Advice and insights – Parting with Family Heirlooms

Does anyone want my grandparents stuff?

Bucks County Home Downsizing

We are often contacted by people who, through the death of an elderly loved one, are now faced with trying to unload their familes home contents. If you have never gone through this process, it’s a real eye opener, especially for older members of the family tasked with this chore.

We all have fond memories of growing up and playing at grandmas house and the love and care that she put into the house, along with all the lovely things inside it. Unfortunately, the value of things has changed dramatically over the past few years. Things that were in high regard and value in the past are no longer sought after or even wanted today. Things like porcelin dolls, china, figureenes and such are just viewed as needless clutter today.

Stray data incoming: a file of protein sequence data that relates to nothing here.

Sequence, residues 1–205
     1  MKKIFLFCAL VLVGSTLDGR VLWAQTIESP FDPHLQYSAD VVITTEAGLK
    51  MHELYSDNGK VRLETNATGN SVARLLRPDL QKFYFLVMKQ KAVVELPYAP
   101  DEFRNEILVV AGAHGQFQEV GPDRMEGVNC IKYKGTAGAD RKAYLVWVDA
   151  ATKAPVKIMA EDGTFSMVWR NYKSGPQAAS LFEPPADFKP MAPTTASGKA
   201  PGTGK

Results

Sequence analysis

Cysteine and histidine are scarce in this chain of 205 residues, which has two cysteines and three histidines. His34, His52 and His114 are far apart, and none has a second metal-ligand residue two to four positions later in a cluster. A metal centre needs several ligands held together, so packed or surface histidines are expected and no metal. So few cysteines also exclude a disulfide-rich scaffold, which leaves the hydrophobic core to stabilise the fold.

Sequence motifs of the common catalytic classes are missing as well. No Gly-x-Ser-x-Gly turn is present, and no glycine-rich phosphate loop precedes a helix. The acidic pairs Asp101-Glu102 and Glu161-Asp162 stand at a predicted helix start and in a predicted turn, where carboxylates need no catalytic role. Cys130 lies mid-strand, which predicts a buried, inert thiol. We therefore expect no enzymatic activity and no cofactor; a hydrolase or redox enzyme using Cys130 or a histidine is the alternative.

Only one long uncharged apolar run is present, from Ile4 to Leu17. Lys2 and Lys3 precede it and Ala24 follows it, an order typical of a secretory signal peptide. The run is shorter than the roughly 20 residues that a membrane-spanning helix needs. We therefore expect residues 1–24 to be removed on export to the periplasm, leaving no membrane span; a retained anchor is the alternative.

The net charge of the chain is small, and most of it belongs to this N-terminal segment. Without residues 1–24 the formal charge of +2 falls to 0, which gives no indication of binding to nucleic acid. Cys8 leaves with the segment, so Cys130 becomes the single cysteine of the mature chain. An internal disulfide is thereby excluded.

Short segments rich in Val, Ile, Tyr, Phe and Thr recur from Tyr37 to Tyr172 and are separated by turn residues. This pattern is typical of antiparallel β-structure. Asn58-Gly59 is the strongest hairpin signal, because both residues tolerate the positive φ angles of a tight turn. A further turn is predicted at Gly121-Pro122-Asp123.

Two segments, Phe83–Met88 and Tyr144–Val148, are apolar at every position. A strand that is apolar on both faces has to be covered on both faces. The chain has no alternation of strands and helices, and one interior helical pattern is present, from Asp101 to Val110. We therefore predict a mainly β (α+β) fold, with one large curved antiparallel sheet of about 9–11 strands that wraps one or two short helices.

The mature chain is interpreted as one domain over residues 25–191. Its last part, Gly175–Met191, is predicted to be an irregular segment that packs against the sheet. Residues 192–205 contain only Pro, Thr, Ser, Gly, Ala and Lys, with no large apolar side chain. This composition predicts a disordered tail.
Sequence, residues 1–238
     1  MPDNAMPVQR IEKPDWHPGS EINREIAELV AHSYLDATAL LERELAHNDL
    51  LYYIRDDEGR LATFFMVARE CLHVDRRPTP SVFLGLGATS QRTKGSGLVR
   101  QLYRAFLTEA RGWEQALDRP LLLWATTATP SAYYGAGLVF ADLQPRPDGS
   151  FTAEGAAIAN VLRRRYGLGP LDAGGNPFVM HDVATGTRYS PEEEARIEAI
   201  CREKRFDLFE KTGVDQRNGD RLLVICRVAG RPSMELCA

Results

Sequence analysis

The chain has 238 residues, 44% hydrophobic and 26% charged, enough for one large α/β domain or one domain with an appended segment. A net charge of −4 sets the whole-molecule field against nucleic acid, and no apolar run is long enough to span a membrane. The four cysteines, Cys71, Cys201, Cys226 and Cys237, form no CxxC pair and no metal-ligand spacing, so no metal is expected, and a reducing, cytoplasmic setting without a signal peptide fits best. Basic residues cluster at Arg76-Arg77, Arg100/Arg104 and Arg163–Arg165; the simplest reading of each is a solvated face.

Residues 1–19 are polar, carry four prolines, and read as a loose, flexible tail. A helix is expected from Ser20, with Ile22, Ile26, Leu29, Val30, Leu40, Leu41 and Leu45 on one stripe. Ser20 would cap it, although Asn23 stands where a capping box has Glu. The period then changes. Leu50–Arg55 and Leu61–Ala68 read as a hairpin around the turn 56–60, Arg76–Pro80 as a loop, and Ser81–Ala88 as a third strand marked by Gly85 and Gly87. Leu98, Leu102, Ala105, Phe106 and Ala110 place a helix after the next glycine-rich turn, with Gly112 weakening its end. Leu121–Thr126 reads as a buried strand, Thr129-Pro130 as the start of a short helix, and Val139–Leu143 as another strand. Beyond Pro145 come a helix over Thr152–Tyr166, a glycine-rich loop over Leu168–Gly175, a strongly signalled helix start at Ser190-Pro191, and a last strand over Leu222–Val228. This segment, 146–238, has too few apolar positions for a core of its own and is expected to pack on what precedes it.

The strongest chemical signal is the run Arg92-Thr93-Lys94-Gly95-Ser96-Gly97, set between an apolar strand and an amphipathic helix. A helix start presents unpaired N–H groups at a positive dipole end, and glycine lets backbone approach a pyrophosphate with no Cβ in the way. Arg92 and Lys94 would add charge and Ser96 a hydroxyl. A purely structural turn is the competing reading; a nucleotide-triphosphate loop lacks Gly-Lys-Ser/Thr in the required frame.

Most of the people who contact us, begin by telling us they have a variety of items ranging from kitchen sets, living room sets, bedroom sets, china cabinets filled with all kinds of things, and believe that buyers will want to flock to their home for a chance to buy their contents. Sadly, that’s just not reality today.